afrol News, 4 June - South Africa is an exception in Africa. Nowhere else could the national press dig into sex affairs of its President and his family. But reports of the President's wife having an affair spur a discussion of media ethics.
The Durban-based local newspaper 'Ilanga' has been discovered by South Africans all over the country over its controversial diving into the sex affairs of the presidential family.
'Ilinga' editor Eric Ndiyane defends his newspaper's right to expose private information about President Jacob Zuma and his family. Editors had received an anonymous letter, revealing that President Zuma's second wife Nompumelelo Ntuli was unfaithful and could even be carrying her bodyguard's child.
Mr Ndiyane says that his journalists had made investigations into the allegations, finding further sources that could verify the alleged sex affair. And the editor promises "there is more to come" as journalists had found out more details regarding the alleged affair.
President Zuma, who received the breaking news while on a state visit in India, reacted angrily and "with great concern" to 'Ilinga' reports. "The reports appear to be part of an ongoing and malicious campaign to undermine the right of the President and his family to privacy and dignity," the President said in a statement made in India.
Apparently, the alleged sex affair was too embarrassing not to react to, even while on an official state visit. The response given to the controversy nevertheless was somewhat contradicting: "President Zuma continues to be seized with matters of state and will not be diverted from his duties. He will not dignify such gossip with a response," the presidency responded.
Earlier, a statement issued by a family spokesman said that the anonymous letter alleging the affair of Mr Zuma's wife did not come from any family member. "The President's family is united in distancing itself from these malicious reports about the First Lady Mama MaNtuli," said spokesman Khulubuse Zuma.
President Zuma's private affairs earlier have been given wide media coverage in South Africa, where sex issues are quickly disappearing from the press' taboo list. But earlier affairs, though equally embarrassing, had been issues with political implications, thus legitimising their reporting.
Mr Zuma, before becoming President, was taken to court by a women claiming to have been raped by him. The South African press reported very detailed from the court case, including on Mr Zuma's controversial statement that he had taken a shower after having sex as a precaution against AIDS. Mr Zuma in 2006 was found not guilty of rape, although details from the court case personally convinced many South Africans of his guilt. The later President also stood out as a male chauvinist during the case.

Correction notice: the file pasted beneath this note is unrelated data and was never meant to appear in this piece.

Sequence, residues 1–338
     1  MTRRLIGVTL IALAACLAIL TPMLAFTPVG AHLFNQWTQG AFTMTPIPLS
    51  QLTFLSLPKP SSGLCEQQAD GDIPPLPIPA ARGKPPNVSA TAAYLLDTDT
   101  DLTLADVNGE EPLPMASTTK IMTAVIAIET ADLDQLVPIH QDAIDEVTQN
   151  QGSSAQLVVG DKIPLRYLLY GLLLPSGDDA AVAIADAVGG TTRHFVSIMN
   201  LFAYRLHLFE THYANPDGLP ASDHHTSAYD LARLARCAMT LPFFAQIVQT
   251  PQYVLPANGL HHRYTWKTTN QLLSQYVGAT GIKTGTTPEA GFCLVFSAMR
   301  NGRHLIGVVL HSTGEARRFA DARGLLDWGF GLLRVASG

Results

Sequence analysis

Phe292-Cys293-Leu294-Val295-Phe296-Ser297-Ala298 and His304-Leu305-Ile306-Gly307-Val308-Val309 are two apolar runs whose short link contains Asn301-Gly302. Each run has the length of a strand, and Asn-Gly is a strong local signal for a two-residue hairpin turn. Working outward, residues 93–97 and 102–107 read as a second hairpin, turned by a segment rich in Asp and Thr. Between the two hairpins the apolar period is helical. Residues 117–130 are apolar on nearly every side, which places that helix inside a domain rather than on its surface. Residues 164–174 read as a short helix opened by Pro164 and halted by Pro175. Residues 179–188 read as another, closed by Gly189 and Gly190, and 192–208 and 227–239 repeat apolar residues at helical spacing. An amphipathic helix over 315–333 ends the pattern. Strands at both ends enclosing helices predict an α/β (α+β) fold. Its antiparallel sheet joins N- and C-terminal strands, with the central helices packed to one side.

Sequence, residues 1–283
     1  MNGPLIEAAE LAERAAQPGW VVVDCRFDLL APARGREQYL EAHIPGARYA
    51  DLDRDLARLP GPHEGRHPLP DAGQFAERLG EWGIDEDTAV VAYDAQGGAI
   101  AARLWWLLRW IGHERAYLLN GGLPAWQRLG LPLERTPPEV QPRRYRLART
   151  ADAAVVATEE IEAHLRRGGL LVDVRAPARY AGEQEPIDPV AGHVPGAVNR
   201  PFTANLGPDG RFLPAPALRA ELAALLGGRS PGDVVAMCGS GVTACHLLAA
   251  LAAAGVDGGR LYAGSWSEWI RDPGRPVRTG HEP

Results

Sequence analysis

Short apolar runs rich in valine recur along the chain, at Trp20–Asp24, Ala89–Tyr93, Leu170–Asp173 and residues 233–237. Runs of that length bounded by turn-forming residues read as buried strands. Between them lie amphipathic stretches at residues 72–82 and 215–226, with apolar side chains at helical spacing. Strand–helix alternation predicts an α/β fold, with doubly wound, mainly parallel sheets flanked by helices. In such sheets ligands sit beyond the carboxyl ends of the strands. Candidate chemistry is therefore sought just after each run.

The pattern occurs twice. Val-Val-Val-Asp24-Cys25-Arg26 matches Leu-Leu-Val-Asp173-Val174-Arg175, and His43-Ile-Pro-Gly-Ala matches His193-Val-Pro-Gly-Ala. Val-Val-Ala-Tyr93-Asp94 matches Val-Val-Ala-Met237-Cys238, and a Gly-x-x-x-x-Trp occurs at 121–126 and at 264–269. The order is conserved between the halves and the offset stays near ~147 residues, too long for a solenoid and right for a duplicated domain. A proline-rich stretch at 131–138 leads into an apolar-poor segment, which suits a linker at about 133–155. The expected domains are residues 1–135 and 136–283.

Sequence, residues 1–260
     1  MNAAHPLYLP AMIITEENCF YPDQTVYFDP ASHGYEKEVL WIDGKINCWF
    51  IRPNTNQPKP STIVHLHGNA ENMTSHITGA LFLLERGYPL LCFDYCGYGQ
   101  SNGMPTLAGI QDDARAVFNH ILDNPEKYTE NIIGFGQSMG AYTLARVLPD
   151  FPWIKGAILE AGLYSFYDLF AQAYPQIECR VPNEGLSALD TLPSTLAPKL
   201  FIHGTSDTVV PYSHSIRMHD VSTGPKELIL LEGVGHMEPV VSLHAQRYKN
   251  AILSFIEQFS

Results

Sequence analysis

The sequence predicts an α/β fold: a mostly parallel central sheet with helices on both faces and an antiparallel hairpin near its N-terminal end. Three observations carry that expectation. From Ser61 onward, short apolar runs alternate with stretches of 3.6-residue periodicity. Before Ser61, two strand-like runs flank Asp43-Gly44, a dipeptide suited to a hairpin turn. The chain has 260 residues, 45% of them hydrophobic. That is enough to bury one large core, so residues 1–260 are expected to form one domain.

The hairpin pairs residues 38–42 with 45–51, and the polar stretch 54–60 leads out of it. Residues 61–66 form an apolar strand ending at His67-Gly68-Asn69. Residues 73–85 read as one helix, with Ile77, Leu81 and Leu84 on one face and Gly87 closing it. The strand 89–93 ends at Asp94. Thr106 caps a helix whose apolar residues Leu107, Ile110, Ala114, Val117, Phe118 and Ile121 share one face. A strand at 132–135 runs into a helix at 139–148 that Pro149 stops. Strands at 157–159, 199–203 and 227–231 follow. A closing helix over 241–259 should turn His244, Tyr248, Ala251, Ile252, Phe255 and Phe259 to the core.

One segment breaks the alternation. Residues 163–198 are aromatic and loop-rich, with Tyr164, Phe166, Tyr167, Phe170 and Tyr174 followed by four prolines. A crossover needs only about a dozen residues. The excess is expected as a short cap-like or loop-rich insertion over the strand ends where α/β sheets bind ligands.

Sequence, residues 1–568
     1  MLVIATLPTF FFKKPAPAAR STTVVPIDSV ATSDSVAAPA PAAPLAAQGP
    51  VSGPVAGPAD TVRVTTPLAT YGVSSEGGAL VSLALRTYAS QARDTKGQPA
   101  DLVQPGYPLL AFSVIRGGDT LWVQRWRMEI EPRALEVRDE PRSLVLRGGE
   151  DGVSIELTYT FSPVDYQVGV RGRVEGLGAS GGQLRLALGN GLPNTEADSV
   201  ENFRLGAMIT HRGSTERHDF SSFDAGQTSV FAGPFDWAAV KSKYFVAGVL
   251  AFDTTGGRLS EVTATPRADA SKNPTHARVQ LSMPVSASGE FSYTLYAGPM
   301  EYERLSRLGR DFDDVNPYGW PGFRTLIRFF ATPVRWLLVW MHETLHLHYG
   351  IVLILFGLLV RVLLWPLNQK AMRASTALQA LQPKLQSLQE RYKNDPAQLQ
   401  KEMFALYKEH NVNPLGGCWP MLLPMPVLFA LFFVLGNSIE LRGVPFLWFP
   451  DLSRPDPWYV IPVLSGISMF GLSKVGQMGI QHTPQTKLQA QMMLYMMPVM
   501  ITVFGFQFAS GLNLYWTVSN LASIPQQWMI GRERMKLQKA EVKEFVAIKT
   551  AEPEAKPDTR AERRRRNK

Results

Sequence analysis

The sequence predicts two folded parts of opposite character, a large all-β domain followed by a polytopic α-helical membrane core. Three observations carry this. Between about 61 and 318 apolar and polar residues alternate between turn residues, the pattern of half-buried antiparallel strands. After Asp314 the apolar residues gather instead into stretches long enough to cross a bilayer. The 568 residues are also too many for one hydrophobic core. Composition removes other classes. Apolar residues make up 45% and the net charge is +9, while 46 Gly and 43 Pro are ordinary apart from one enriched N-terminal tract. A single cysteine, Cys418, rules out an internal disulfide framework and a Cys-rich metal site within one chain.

The South African leader has repeatedly hit national and international headlines over his many marriages. Mr Zuma is a polygamist, has been married five times of which three are still married to him, and officially has 20 children. He last married in January this year, raising questions about who would now be South Africa's official First Lady.
But the South African press increasingly has dug into private affairs of President Zuma that do not have political implications. In January, the 'The Sunday Times' revealed that Mr Zuma had become father to a "love child" in October 2009 following an extramarital affair. Mr Zuma recognised that the child was his.
But the "love child" affair caused controversy within the ruling ANC party, with the pro-Zuma wing advocating his "right to privacy", while the ANC Women's League emphasised "it is not right to have an extramarital affair if you have committed to yourself to a marriage." Again, the President's unsafe sex practices were described as a bad example for South Africa, which still struggles with an AIDS epidemic.
This week's reporting over the alleged extramarital affair of Mr Zuma's second wife however breaks new ground in South Africa's media landscape. National newspapers so far are divided in their reactions, some making big reference to the allegations reported in 'Ilinga' while many other totally ignore the reports.
The presidency, claiming the reports are "undermining" Mr Zuma, wants South African journalists and media to start a new discussion on press ethics and where the line for privacy should be drawn. So far, media organisations have been silent on the issue. But while a debate is bound to come, it is not sure South African politicians will earn more privacy from it.
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